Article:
Crossing a recently thawed section of the San Pedro Parks Wilderness

Crossing a recently thawed section of the San Pedro Parks Wilderness

CDT mile 633, miles hiked 26
No, no, no New Mexico you see it’s not you, it’s me.  I need to go, I know you have been wonderful to me with your desolate yet beautiful bootheel, where is saw ocochita in bloom and hummingbirds feeding on them. You welcomed me into the Gila and amazed me with giant trees, cold water, and cliff dwellings.  You didn’t stop there though you took me over Mt Taylor then by some of the most amazing crypto and sandstone canyons, and please let’s not forget El Malpais and Ventana Arch.

The trail angels and the ranchers we met were the best and the people of your state and are so friendly.

But you see here’s the thing, New Mexico as much as I love you and want to stay I can’t. I am a thru-hiker and it’s time for me to move on.  You see there is this other girl named Colorado who is rumored to be nothing short of wild abandon and full of danger and adventure.  As much as I want to stay with you my now familiar love I can’t, it’s time for me to go.

What I do understand is you not wanting me to leave, but really did you have to show me in such a harsh way.

A snowy forest service road was part of the game

It all started after we finished hiking through some wonderful meadows up some cliffs, and viewing elk.  After navigating some snow and then opting for the road we came to the last option on the J Ley maps, an open and probably snow free road that went low or the official route through the forest.  We left things to fate and flipped a coin, heads official, tails alternate.  Freefall produced a quarter from his pack and flipped it into the air, heads it was.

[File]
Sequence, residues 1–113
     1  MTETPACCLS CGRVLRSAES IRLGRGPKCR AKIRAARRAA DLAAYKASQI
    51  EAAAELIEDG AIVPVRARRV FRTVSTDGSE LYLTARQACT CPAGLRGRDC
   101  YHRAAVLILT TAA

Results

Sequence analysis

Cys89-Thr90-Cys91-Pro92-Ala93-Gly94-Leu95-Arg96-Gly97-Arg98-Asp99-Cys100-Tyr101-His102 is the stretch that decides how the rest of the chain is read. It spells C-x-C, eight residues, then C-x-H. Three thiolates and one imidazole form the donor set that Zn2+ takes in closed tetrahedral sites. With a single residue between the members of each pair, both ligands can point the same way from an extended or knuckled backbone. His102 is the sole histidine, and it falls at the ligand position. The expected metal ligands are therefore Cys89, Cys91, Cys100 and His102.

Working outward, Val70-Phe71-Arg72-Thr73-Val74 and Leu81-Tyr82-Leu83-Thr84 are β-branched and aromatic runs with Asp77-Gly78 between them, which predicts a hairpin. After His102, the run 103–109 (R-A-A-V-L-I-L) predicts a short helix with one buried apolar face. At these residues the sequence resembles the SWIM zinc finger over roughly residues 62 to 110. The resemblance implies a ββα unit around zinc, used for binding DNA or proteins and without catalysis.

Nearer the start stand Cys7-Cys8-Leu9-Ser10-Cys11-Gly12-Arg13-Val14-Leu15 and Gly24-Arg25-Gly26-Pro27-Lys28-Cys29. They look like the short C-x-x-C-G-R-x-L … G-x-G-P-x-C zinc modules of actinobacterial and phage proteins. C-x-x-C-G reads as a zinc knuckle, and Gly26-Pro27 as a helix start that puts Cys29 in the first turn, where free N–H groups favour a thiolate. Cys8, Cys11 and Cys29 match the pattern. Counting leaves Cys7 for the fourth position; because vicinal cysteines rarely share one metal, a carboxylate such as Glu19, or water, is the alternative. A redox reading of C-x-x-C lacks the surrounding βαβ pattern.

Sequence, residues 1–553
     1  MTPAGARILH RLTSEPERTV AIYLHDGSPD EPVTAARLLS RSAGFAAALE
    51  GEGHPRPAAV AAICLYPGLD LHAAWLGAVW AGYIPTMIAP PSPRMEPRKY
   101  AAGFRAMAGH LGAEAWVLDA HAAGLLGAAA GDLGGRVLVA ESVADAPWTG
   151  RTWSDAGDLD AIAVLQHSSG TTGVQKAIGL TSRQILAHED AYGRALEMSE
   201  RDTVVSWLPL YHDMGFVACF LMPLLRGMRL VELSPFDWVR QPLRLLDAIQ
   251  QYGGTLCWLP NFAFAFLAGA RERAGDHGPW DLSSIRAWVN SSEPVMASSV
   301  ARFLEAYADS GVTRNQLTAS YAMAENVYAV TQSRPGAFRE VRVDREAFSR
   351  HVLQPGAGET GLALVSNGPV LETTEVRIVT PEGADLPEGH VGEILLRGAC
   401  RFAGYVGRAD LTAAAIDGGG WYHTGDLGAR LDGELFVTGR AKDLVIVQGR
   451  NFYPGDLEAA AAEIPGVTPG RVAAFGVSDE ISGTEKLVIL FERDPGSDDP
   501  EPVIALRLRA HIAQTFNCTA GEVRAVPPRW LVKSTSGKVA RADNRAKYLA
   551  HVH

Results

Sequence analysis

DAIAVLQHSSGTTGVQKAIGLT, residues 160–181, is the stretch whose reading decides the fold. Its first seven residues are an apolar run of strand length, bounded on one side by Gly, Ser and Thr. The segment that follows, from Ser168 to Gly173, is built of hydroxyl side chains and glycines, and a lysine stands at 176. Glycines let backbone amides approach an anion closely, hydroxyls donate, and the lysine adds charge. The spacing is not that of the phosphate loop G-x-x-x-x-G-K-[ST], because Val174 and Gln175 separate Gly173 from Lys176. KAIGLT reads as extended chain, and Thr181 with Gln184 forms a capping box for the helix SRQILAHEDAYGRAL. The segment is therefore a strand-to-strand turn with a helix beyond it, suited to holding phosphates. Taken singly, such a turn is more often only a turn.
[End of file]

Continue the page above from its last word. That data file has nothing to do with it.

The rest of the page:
High snow makes route finding hard at times

We started on the route at first it was not too bad, we took a break at 3 and ate some snacks, we saw that we were only 6.5 miles from the border so at 3:30 we set off.  For the next 3 1/2 hours, we navigated snow, post-holing at times up to our crotch, getting scratched and having to constantly decide the best way either up, down or side hilling.  Finally, we arrived at Dixie Creek which was snow free on its far bank.

A tiny high five to celebrate the border crossing

After a brief ten minute break to fill water bottles and rest the mind for a few seconds we, we plotted our way cross country to the border only a 1/2 mile away.

We came up the hill and there in the forest was a leaning sign and a defunct barbed wire gate, how fitting.  We walked over the line and let out a cheer one state down and 4 to go.  We, of course, took our celebratory pictures and then headed up the hill to make camp.  The view is amazing and Colorado has greeted us with big mountains.

So you see New Mexico it was great and I will always love you and be back, but for now, the siren song of the Rocky Mountains is calling and I must go.


One state down


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